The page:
The Affective Processing Tests are applied in addition to the six BAC-A subtests, and include the Affective Interference Test (AIT), Emotion Inhibition Test (EIT), and Delayed Recognition. A list of 20 words is given to the subjects in the Affective Interference Test, with half of the words featuring emotional content (affective words like “intimate” and “killer”) and the other half being fruits or vegetables (non-affective words like “zucchini” and “apple”). Three learning trials were given to the subjects, and each trial required them to recall as many of these terms as possible. The subjects were asked to freely recall the non-affective words (fruits and vegetables) and then the “other words”. We calculated the analyses using the following four indexes: (a) total non-affective words; (b) total affective words; (c) cued non-affective words, and (d) cued affective words.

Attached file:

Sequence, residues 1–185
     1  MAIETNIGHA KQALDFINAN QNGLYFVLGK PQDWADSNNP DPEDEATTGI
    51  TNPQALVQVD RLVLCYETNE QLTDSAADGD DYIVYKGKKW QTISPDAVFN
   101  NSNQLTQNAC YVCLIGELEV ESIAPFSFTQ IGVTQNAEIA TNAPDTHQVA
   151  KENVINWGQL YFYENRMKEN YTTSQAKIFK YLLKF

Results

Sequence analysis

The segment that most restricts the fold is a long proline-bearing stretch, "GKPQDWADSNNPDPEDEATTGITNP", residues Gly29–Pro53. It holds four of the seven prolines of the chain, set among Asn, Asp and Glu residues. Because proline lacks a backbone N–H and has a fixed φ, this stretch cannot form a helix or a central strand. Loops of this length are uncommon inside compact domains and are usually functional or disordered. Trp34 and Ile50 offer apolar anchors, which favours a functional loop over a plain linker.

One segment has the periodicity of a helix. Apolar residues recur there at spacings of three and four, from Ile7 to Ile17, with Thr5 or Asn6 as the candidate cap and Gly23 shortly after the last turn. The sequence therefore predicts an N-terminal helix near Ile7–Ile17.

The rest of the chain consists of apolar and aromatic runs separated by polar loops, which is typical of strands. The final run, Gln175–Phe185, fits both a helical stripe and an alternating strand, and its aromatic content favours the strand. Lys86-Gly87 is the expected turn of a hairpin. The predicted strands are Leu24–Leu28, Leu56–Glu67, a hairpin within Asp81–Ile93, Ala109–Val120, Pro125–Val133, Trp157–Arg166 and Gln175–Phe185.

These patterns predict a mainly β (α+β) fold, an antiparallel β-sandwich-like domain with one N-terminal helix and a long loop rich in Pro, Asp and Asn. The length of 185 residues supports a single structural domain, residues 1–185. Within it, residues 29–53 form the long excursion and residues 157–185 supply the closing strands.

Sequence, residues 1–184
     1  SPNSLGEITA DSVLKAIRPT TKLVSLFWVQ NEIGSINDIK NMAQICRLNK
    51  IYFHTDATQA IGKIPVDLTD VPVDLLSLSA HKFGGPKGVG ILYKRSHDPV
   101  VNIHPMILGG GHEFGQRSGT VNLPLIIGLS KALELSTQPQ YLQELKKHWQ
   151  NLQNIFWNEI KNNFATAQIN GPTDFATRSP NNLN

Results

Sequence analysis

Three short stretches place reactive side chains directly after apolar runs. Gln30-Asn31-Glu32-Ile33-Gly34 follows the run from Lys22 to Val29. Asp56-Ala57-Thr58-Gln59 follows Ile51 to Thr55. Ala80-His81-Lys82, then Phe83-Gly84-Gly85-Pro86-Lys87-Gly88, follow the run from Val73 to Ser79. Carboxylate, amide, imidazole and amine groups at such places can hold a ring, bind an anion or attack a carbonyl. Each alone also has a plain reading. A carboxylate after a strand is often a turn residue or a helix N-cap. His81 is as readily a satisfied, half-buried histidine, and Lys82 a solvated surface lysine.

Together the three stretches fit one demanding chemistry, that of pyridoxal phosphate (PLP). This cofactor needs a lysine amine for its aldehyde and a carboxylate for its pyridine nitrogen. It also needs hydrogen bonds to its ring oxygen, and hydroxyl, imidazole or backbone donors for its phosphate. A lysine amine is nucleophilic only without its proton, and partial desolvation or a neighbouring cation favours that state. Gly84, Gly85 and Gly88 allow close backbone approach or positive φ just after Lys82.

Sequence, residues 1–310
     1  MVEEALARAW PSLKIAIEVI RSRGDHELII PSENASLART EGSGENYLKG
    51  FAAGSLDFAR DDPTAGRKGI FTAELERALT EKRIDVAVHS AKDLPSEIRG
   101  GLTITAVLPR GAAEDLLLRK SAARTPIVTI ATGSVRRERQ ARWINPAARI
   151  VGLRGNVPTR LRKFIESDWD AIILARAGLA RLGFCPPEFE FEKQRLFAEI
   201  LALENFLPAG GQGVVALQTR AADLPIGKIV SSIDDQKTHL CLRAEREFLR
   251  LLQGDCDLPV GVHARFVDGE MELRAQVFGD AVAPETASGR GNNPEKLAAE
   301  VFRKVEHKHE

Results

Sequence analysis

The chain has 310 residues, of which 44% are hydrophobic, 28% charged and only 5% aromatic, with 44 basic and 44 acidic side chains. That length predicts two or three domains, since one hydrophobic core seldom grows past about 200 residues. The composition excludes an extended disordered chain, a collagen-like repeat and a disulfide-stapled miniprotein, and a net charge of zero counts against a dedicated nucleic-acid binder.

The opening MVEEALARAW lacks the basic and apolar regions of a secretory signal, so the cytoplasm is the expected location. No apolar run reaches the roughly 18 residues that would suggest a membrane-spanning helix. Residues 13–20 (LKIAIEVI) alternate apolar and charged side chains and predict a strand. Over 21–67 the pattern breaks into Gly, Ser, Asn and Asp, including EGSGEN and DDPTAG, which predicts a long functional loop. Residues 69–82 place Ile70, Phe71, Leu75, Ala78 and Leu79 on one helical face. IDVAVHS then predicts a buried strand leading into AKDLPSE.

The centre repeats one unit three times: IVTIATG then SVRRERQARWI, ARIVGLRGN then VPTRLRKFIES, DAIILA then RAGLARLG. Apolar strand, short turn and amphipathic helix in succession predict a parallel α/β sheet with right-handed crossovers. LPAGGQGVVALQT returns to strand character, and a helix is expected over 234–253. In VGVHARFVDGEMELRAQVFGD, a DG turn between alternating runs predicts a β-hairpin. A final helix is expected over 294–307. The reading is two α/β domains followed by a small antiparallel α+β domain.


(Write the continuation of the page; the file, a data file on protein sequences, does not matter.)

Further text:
Recognition memory is tested after a delay of 15–20 min by presenting the initial 20 words (10 fruits and vegetables and 10 emotional) with 20 foil words that had not already been presented. The subjects were asked if certain non-affective and affective words were previously included in the word list. Four indexes were assessed to analyze the AIT-Delayed Recognition, including (a) number of correct non-affective words; (b) number of correct affective words; (c) non-affective false alarms, and (d) affective false alarms.